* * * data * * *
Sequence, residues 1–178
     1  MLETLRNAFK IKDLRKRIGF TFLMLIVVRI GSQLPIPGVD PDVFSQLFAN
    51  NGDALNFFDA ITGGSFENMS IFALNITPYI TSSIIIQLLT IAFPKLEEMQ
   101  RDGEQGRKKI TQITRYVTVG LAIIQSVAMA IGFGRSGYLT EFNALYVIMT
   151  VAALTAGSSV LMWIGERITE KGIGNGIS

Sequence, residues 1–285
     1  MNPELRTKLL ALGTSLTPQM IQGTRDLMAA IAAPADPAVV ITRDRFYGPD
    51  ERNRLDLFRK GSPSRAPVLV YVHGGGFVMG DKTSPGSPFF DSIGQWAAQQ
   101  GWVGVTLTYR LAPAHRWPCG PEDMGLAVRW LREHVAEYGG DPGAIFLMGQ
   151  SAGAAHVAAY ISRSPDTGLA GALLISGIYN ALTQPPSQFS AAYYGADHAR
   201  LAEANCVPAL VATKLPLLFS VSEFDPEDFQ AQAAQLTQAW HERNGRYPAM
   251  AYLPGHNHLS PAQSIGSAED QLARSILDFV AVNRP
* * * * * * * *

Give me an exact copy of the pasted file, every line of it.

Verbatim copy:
Sequence, residues 1–178
     1  MLETLRNAFK IKDLRKRIGF TFLMLIVVRI GSQLPIPGVD PDVFSQLFAN
    51  NGDALNFFDA ITGGSFENMS IFALNITPYI TSSIIIQLLT IAFPKLEEMQ
   101  RDGEQGRKKI TQITRYVTVG LAIIQSVAMA IGFGRSGYLT EFNALYVIMT
   151  VAALTAGSSV LMWIGERITE KGIGNGIS

Sequence, residues 1–285
     1  MNPELRTKLL ALGTSLTPQM IQGTRDLMAA IAAPADPAVV ITRDRFYGPD
    51  ERNRLDLFRK GSPSRAPVLV YVHGGGFVMG DKTSPGSPFF DSIGQWAAQQ
   101  GWVGVTLTYR LAPAHRWPCG PEDMGLAVRW LREHVAEYGG DPGAIFLMGQ
   151  SAGAAHVAAY ISRSPDTGLA GALLISGIYN ALTQPPSQFS AAYYGADHAR
   201  LAEANCVPAL VATKLPLLFS VSEFDPEDFQ AQAAQLTQAW HERNGRYPAM
   251  AYLPGHNHLS PAQSIGSAED QLARSILDFV AVNRP